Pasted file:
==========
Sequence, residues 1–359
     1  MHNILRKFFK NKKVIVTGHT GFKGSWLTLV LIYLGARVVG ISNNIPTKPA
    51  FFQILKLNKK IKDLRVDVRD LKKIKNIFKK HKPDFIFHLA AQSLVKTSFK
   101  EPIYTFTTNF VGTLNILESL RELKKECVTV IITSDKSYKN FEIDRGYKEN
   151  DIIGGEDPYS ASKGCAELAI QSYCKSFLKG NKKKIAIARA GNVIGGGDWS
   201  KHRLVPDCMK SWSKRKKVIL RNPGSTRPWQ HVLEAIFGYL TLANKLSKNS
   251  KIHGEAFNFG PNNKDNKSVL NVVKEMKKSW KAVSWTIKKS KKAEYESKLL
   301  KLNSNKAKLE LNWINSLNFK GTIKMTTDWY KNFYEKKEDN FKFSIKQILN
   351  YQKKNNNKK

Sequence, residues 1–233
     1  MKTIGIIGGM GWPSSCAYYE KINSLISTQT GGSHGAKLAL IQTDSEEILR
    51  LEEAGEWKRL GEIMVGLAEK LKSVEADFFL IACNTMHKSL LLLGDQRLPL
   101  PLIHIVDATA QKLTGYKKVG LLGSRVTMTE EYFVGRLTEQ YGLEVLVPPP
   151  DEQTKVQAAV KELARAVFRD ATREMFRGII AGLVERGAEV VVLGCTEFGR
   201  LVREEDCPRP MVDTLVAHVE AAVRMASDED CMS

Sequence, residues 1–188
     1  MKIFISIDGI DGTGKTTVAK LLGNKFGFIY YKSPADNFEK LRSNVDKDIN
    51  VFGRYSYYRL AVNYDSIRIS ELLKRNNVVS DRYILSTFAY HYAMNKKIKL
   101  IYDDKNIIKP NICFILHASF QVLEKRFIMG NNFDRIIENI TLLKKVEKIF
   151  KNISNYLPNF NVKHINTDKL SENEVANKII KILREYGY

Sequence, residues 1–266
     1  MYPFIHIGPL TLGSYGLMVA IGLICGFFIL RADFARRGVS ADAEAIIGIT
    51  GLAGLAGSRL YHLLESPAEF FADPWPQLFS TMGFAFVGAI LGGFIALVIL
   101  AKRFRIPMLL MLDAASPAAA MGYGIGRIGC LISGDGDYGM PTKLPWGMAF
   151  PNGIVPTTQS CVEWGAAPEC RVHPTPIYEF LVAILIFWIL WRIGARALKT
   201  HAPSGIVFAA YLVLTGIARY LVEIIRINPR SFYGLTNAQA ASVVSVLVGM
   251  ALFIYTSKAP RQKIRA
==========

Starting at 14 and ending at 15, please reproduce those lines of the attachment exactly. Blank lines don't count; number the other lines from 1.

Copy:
   151  DEQTKVQAAV KELARAVFRD ATREMFRGII AGLVERGAEV VVLGCTEFGR
   201  LVREEDCPRP MVDTLVAHVE AAVRMASDED CMS